The city’s tourism sector is making a comeback in Brighton and Hove, councillors heard this week.

Executive director for environment, economy and culture, Nick Hibberd told the city’s Policy and Resources Recovery Committee hotel and bed and breakfast occupancy has been good during the summer.

Mr Hibberd singled out The Warren for its success as the organisation set up and managed a 300 seat outdoor venue on the beach throughout August.

However, he explained indoor events are “greatly limited by physical distancing requirements”, which is why the Brighton Centre remains closed.

During Wednesday’s virtual meeting, he said: “Overall, in terms of the restart of retail and hospitality things have gone pretty well in the city.

“From what I hear occupancy rates in our hotels and B&Bs have been pretty good during the summer, which is encouraging.

“That’s not to say there are not many businesses out there that have had a really tough time.

“A number of businesses will have fallen through the gaps of the different types of provision provided nationally.”

Brighton and Hove City Council handed out £68 million to more than 4,600 companies as part of the government’s small business grant scheme.

A further £3.7 million went out in discretionary grants to small businesses which did not meet the criteria for the original grant.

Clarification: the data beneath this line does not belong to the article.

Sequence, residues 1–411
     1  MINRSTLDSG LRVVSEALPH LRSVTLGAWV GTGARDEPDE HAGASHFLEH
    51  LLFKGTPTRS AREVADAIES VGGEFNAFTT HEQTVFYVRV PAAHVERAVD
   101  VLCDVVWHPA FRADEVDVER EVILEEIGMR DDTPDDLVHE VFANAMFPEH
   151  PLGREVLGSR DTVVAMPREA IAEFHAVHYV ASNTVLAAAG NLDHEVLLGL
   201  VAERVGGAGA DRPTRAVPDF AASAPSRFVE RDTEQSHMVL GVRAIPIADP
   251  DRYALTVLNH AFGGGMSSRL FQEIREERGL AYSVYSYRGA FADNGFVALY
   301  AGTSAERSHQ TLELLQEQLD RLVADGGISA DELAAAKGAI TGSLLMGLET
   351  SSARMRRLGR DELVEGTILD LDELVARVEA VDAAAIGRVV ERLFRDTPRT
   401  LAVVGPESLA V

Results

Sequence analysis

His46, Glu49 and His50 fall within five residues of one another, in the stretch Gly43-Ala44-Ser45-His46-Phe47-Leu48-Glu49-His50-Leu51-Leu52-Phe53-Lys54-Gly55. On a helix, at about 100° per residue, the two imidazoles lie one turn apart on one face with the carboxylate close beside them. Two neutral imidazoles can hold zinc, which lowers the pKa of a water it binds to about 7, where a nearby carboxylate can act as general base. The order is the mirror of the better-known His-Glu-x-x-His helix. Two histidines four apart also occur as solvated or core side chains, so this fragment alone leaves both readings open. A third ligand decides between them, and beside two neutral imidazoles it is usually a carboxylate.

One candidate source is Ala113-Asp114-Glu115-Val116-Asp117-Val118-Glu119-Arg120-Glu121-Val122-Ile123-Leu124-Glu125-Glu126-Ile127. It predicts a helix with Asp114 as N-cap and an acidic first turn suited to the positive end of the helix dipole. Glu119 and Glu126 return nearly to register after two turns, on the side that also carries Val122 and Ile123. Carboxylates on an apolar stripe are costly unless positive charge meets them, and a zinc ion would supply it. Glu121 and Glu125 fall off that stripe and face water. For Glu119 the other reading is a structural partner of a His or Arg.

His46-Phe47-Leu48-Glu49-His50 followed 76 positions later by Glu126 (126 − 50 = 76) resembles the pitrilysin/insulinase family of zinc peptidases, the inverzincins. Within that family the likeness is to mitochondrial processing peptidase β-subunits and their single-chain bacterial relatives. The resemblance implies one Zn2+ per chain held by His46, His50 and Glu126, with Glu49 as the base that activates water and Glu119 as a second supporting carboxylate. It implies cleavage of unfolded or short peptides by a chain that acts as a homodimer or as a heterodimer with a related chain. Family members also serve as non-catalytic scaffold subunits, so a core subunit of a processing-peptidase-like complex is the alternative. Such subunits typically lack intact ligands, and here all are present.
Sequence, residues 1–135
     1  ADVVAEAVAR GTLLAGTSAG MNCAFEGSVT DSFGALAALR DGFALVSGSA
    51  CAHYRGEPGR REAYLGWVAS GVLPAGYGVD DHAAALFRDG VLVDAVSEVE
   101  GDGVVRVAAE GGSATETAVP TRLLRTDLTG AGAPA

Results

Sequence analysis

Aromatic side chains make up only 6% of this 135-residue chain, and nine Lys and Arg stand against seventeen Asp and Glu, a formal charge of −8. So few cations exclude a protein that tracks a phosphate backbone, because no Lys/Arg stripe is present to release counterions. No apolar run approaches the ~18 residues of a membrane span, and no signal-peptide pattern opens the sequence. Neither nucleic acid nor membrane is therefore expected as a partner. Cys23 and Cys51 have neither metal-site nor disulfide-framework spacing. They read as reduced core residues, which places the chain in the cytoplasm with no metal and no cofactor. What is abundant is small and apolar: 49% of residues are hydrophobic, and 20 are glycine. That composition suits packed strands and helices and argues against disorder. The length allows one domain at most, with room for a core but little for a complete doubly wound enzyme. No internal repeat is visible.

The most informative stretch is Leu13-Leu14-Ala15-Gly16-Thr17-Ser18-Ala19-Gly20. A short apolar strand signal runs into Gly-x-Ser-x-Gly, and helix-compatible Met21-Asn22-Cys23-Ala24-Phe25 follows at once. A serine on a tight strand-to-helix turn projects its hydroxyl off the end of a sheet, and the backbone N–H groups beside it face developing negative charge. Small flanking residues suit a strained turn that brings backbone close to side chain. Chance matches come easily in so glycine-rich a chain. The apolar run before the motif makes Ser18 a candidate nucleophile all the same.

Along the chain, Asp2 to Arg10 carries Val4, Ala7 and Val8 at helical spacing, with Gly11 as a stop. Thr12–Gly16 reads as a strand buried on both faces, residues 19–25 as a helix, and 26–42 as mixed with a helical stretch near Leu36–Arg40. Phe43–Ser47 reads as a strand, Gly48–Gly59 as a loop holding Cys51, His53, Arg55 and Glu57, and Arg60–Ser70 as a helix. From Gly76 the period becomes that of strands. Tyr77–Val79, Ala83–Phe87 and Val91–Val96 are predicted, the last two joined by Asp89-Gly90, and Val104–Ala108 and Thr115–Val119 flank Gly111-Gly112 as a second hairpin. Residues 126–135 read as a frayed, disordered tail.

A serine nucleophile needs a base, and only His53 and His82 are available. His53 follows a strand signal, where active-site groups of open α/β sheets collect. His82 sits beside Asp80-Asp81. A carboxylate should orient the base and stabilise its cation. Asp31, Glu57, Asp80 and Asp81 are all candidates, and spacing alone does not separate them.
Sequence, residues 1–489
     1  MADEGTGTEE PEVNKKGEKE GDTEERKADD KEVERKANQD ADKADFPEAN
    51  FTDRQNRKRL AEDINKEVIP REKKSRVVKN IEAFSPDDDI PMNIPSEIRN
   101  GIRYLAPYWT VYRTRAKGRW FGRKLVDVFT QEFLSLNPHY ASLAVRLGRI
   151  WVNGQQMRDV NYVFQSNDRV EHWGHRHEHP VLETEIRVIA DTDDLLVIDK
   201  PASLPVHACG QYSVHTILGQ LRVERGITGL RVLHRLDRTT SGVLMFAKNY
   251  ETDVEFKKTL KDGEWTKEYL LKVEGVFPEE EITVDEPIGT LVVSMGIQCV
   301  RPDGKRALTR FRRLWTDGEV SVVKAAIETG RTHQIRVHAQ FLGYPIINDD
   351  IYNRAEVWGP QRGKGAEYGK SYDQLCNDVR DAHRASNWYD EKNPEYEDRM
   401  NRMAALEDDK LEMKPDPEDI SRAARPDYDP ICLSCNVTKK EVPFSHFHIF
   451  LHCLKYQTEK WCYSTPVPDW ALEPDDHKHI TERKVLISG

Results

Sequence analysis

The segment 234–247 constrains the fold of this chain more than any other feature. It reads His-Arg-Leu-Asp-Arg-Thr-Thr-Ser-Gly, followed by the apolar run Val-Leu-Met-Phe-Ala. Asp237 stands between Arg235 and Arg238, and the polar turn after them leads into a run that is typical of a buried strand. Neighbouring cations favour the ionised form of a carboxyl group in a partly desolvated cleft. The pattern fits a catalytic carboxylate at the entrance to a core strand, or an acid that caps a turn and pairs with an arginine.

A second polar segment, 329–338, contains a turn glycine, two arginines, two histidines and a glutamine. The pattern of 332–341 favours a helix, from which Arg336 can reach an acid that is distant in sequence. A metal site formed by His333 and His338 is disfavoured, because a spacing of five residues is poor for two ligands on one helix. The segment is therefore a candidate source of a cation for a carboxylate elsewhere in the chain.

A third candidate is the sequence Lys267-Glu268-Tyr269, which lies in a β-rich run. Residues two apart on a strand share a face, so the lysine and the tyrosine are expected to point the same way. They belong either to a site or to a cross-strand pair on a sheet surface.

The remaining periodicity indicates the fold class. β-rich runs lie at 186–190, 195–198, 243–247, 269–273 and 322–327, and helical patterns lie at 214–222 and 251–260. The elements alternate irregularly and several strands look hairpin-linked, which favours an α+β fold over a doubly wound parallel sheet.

The authority continues to battle with the government to hand out at least a further £7.1 million to an additional 600 struggling businesses in the city.

During the meeting administration leader Green councillor Phélim Mac Cafferty underlined his commitment made in August, to lobby the government for the remaining cash.

Green councillor Tom Druitt asked what else the authority can do to help businesses.

The authority has offered rent relief to businesses occupying its commercial property portfolio.

Mr Hibberd said: “What we are tending to do is provide a lot of support to link them to where support is available.

“For the creative and cultural industries, we have provided support in the bidding for funding and raising awareness of funding from the Arts Council.

“Have managed to attract a significant amount of funding to the city as a result of that approach.”

Another boost came from the Eat Out to Help Out scheme, under which city restaurants sold 378,000 meals.

Restaurants in Brighton Pavilion, Hove and Brighton Kemptown claimed back discounts worth more than £2.3 million.

The largest proportion of meals were sold in the Brighton Pavilion constituancy where 318 restaurants took part in the scheme.